Archaeological chronology aims to answer the question “When did this or that event happen?”. This question can usually be re-phrased as “When was this or that thing made?”, where the thing under study may be anything from a bead up to the Great Wall of China.
Most dating evidence is based upon similarity: people are almost incapable of doing anything in exactly the same way for any long stretch of time, and when they try to return to an old way of doing something, they never get all the details right. Such similarities (again on all scales of evidence) are dealt with in a more or less formalised way by means of a tool kit called typology. Collect a group of similar pots / house foundations / Great Walls, note explicitly the details that unite them and separate them from their peers, and you have a type definition. Thus defined, all types have a chronological delimitation, though many may be too long-lived to be very useful, and the presence of one type of pot doesn’t rule out the parallel existence of several other types.
The very birth of archaeology as a scientific discipline is reckoned from the first chronological and typological breakthrough: C.J. Thomsen’s 1821 division of Scandinavian Prehistory into three Ages where cutting tools were made of different materials. First stone, then bronze, and then iron. Chronological research is still working to sub-divide the three Ages into ever finer well-defined slices.
The definition of an archaeological period takes the form of a list of types found associated with each other: pots, houses etc. How can we know in what order these periods occurred? We still largely do this by typological seriation and stratigraphy.
Seriation is a more or less formalised process where you order a collection of pots / houses / Great Walls according to similarity. You put two pots on a table, grab a third pot and decide if it should go between the two or over to either side. This is formalised as pot 1 having traits ABC, pot 2 BCD and pot 3 CDE. Then test if the series you’ve established is chronological, firstly by seriation of closed find associations (graves, hoards) by the same means, then by stratigraphy. Are ABC pot sherds usually in layers located on top of separate layers with CDE pot sherds? Or the other way around? Or are they usually mixed up?
So far I’ve spoken only about relative chronology, where we can say with confidence that the types listed for period B fill the interval between periods A and C. What about absolute chronology, that allows us to say that the period B types appeared in the AD 10s and were replaced by period C types in the AD 150s? There are many methods, most importantly radiocarbon.
Radiocarbon dating is a complicated field of research that moves forward rapidly. Briefly put it will tell you when a certain living thing died. With current technology, the accuracy is usually counted in decades. Much of the intricacies with radiocarbon have to do with the relationship between the death of that living thing and the event an archaeologist wants to date. If you find a piece of charcoal on a settlement site, you first need to think about how it ended up there. Stratigraphy is paramount: is it under a stone foundation? Or is it in a ditch that cuts across a house foundation? If you can’t answer such questions, don’t even submit the sample. And you need to think of intrinsic age: the heartwood of an old oak died centuries before someone cut the tree down. A wood anatomist can judge this for you. Bones have no intrinsic age, but their apparent age is skewed by the amount of seafood the creature ate in life.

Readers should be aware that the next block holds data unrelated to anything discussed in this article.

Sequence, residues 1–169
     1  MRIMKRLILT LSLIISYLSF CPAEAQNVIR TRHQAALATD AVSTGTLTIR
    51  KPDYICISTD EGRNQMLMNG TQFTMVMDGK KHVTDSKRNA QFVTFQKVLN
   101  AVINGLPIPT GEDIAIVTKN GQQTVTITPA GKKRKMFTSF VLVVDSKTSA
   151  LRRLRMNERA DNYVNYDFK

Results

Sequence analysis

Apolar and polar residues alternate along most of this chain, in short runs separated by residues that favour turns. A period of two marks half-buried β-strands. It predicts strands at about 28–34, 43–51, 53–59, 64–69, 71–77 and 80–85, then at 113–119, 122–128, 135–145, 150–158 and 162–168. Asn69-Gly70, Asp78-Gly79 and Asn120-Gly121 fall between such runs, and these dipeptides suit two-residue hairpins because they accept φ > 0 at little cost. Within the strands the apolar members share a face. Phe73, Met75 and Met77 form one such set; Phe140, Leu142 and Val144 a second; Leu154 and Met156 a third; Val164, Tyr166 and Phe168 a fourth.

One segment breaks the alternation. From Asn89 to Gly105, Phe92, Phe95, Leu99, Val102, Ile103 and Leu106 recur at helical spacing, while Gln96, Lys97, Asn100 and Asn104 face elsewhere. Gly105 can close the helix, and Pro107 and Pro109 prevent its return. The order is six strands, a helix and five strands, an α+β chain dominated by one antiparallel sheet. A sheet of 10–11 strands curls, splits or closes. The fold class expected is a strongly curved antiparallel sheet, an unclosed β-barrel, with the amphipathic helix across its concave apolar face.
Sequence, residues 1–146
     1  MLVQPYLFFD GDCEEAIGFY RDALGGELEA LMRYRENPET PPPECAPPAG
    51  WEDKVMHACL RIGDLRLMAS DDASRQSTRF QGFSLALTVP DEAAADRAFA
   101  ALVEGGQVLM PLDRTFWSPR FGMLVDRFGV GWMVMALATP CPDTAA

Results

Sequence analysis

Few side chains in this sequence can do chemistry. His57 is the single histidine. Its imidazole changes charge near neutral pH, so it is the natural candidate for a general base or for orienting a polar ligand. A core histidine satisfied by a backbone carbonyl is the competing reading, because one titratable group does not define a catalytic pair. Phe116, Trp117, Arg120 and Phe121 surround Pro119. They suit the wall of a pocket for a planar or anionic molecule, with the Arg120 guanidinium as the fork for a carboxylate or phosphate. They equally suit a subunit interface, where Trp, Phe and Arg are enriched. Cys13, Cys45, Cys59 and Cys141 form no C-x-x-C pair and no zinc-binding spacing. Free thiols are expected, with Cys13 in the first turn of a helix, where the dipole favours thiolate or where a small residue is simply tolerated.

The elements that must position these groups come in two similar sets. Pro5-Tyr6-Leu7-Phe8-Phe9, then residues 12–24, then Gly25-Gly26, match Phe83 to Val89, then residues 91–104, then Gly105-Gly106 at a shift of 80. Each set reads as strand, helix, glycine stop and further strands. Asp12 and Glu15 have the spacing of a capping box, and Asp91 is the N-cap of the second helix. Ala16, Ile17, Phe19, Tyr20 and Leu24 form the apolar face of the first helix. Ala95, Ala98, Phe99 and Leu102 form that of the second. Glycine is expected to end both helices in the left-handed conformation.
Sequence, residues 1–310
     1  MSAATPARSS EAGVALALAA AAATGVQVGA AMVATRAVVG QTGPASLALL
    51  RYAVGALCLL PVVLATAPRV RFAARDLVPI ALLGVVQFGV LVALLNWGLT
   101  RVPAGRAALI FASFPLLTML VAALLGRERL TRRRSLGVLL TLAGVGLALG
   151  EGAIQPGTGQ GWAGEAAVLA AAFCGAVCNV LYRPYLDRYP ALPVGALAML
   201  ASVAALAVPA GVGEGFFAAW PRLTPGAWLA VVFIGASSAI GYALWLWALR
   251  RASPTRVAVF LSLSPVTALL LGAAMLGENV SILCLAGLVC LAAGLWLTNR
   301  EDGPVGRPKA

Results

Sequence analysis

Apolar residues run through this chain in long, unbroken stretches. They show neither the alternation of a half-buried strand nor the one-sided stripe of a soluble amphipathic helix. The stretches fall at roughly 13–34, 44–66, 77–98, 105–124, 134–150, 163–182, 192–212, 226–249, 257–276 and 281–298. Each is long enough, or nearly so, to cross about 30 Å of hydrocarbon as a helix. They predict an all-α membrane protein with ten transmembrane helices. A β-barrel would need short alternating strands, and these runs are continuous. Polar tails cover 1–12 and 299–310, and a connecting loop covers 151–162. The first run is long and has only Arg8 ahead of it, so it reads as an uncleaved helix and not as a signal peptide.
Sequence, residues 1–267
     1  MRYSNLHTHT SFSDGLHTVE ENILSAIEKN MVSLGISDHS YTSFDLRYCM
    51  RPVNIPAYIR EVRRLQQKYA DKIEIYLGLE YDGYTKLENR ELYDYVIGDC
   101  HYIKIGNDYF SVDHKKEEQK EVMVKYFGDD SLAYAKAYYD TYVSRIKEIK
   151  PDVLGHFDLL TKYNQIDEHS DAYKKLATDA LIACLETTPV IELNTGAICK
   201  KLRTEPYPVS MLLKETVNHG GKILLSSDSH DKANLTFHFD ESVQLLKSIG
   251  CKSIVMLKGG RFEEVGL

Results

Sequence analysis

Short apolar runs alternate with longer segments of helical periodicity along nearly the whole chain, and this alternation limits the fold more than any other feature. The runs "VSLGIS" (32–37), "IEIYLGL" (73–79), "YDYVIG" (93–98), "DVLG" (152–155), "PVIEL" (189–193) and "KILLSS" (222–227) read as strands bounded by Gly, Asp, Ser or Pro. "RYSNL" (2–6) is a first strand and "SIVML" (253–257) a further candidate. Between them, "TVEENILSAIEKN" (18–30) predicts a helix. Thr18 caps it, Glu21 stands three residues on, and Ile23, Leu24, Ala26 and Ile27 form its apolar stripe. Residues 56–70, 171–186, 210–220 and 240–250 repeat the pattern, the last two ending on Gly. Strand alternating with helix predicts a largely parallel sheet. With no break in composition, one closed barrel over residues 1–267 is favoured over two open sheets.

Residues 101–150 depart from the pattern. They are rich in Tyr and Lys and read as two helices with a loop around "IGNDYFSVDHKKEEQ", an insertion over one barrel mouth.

Other important absolute dating techniques are historical dating (e.g. coins with dates on them or the names of rulers whose regnal dates are known), dendrochronology (the width of tree rings varies with the weather, forming a chronological bar code) and thermoluminiscence (quartz in a brick or potsherd or hearth stone accumulates radiation energy after being set to zero by strong heat).
Techniques like radiocarbon have not made typology or stratigraphy obsolete. For one thing, you need robust typological definitions to be able to generalise the radiocarbon date of a single object to an entire group of similar ones. Furthermore, fashion changes at shorter intervals than the current accuracy of a radiocarbon date. This means that you can often get a tighter date from typology than from radiocarbon. Southern Scandinavia’s Migration Period lasted about 170 years and is thus about three radiocarbon dates long. But seriating a sample of female graves from Gotland, I managed to define four successive fashion phases for the same interval.
For a more thorough treatment of the subject, see Kris’s long post over at About.com.